Tuesday, March 7, 2017

Securing your mLab Cloud Service for Sitecore MongoDB databases

The recent string of ransomware attacks on MongoDB databases that left over 30,000 servers compromised, has got most Sitecore clients skittish about the security of their hosted Sitecore MongoDB databases.

Almost all of the posts out there reference the generic MongoDB security checklist as what you should implement to protect your MongoDB installation.

So with this being said, the following questions should be on your mind;

  1. How does this list apply to my mLab Cloud hosted MongoDB service?
  2. Are my mLab MongoDB databases as secure as they possibly can be?
With the new Sitecore Azure PaaS offering picking up steam, it's more important than ever to understand mLab's security considerations as mLab on Azure is the default option that clients are turning to.

The purpose of this post is to help you understand how secure your client's current mLab environment is, or how to secure a new database cluster that you may be working on.

The items being referenced can be found within mLab's security documentation at http://docs.mlab.com/security.

Dedicated Cluster

Every client should be on a Dedicated Cluster plan of some sort.

These plans offer a number of potential security enhancements, as well as a number of baseline security considerations, such that all deployments will always have auth enabled no matter what.

Private Environment

An optional security enhancement is using an mLab Private Environment.

This feature allows for an mLab deployment to be created in a VPC such that another VPC can be peered to limit any connections to the customer-owned VPC. This is especially useful for applications that may have dynamic scaling and non-static IP address.

You can read more about mLab Private Environments at http://docs.mlab.com/private-environments/ 

Encryption at Rest

This will encrypt any data as it resides on disk: http://docs.mlab.com/security/#encryption-at-rest

The feature is currently only supported on AWS and Google Cloud Platform and NOT Azure.

Encryption during Transit (SSL)

Without this feature enabled, any communication with your mLab deployment that is not originating from within AWS or Azure is going to take place across the open internet and will be susceptible to packet sniffing.

Even with custom firewall rules in place to limit access to only the IP address(es) (or address ranges) you specify, traffic between the database and the client applications and networks is vulnerable to snooping.

Whether creating a new deployment or upgrading an existing deployment, you can enable SSL support for MongoDB connections directly from the mLab management portal.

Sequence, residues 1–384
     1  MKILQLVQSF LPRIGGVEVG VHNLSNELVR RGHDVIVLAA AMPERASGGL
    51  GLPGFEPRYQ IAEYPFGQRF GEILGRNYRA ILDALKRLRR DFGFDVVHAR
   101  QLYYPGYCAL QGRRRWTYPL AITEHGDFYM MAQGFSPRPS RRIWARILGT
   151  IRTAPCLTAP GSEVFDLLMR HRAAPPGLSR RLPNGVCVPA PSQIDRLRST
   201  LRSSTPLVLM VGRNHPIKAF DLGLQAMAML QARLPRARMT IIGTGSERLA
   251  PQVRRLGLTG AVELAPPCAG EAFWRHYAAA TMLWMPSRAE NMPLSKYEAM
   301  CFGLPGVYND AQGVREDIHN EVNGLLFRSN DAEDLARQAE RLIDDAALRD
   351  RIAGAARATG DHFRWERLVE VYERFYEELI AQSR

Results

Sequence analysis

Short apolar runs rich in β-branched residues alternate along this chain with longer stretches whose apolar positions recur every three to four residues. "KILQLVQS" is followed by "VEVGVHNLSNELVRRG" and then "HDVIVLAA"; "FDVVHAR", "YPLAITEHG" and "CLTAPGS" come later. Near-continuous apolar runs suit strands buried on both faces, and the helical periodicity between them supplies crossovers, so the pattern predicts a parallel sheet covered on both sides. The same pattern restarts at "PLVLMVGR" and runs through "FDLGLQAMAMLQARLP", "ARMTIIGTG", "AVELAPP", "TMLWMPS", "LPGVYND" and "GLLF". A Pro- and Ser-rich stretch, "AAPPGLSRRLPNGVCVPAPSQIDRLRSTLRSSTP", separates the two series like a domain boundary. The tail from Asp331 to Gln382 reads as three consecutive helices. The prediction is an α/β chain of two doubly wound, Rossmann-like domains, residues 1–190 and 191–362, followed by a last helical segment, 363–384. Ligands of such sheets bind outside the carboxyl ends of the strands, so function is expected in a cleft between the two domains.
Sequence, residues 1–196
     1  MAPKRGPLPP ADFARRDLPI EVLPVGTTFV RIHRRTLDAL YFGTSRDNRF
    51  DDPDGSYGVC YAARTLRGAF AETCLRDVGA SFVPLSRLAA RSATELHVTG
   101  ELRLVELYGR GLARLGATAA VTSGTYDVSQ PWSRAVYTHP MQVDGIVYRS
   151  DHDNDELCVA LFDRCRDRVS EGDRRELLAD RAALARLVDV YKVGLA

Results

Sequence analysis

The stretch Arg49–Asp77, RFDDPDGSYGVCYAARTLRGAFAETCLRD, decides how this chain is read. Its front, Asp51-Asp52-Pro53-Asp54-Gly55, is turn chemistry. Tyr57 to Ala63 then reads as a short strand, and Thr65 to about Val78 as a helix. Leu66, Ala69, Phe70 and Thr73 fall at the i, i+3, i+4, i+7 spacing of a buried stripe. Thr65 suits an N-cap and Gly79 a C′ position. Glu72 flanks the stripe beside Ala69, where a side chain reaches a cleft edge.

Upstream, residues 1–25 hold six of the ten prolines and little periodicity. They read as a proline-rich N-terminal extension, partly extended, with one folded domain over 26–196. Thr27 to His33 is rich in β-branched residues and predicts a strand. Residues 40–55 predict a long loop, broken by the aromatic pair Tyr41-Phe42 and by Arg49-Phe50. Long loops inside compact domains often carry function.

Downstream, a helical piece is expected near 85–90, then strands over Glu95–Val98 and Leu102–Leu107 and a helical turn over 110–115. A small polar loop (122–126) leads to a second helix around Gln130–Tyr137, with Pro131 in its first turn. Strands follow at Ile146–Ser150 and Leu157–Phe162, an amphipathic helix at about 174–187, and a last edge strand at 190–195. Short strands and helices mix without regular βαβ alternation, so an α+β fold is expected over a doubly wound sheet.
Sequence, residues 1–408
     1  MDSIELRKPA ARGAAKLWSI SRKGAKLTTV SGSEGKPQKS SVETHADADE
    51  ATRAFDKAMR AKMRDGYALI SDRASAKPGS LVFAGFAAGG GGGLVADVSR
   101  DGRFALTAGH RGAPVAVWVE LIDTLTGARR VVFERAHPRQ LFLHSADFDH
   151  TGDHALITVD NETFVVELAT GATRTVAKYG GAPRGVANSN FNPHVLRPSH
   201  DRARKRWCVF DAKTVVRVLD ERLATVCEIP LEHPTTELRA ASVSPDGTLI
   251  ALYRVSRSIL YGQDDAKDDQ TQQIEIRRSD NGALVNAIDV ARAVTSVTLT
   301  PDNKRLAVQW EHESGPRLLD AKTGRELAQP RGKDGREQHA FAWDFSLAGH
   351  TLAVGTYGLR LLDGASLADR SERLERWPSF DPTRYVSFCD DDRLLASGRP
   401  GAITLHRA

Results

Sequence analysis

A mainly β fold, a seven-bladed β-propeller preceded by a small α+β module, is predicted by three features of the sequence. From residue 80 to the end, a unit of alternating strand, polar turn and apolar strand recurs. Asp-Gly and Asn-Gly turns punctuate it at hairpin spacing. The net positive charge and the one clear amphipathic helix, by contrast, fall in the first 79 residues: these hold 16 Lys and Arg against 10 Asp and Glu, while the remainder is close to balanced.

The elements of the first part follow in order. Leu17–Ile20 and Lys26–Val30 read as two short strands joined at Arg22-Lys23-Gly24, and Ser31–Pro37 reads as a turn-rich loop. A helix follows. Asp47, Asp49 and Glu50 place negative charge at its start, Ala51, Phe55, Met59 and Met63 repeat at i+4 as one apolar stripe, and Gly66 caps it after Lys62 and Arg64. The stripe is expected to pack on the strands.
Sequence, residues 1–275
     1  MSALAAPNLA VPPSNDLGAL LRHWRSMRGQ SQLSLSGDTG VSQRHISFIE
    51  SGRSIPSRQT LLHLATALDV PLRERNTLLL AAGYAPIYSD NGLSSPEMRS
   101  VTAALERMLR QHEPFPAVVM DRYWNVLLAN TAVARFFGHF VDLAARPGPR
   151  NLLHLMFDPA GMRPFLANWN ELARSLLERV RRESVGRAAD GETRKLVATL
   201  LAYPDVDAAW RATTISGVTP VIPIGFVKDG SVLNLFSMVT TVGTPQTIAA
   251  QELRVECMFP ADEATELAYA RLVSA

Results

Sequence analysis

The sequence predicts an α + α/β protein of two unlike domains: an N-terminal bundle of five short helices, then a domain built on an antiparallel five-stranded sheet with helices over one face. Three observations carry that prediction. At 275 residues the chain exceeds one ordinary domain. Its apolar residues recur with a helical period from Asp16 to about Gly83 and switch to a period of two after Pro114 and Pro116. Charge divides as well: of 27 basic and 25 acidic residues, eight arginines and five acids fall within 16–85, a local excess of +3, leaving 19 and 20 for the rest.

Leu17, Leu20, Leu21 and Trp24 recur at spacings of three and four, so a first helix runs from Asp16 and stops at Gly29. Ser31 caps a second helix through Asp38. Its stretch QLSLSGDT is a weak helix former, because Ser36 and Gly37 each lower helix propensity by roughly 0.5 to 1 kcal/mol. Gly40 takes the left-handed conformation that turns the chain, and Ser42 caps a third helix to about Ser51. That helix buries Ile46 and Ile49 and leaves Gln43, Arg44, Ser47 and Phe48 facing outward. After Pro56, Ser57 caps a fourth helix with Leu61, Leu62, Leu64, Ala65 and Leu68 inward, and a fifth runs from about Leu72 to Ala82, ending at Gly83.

It's an extra $80 a month, but it's well worth the investment in order to ensure privacy, critical security and data integrity.

The details around this feature can be found here: http://docs.mlab.com/ssl-db-connections/.

Custom Firewall Rules

Basically, the feature offers the ability for you to define custom firewall rules so that your database only allows network access from your application infrastructure.

Access can be limited to specific IP address ranges and/or to Amazon EC2 security groups (AWS only).

If you are using AWS, your Security Group must be in EC2-Classic and exist in AWS us-east-1 (the same AWS Region as your database). If your app is in EC2-VPC, consider migrating this deployment to an mLab Private Environment: http://docs.mlab.com/private-environments/

More information about this feature can be found at http://docs.mlab.com/security/#custom-firewalls

Two-factor Authentication for the mLab management console

2FA  is optional by default for account users. 

Access to the mLab management console provides full and complete access to any deployment within the account, including the ability to create and download backups as well as delete/modify deployments. 

Making 2FA a requirement will reduce the potential for undesired access.

Final Note

These security enhancements are all optional, but also recommended.

mLab's baseline security practices provide a reasonable degree of security, but as you very well know, security is not a binary subject and there are always ways to increase the overall security of a deployment.


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